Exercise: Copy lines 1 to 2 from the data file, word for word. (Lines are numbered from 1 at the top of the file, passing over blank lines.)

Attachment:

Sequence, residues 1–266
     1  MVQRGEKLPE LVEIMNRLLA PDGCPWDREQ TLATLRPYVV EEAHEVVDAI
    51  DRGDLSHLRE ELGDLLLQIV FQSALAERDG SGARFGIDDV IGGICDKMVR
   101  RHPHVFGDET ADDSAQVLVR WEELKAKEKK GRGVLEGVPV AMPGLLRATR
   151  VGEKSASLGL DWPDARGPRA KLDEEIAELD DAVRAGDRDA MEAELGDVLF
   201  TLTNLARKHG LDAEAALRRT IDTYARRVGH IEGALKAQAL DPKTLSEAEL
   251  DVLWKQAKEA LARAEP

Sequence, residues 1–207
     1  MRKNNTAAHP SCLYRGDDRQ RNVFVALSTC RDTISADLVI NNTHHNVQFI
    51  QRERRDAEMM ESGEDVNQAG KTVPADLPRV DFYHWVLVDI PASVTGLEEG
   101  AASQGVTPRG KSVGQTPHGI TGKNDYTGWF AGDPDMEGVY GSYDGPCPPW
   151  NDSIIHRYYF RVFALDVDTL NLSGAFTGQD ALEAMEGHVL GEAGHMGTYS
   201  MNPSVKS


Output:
Sequence, residues 1–266
     1  MVQRGEKLPE LVEIMNRLLA PDGCPWDREQ TLATLRPYVV EEAHEVVDAI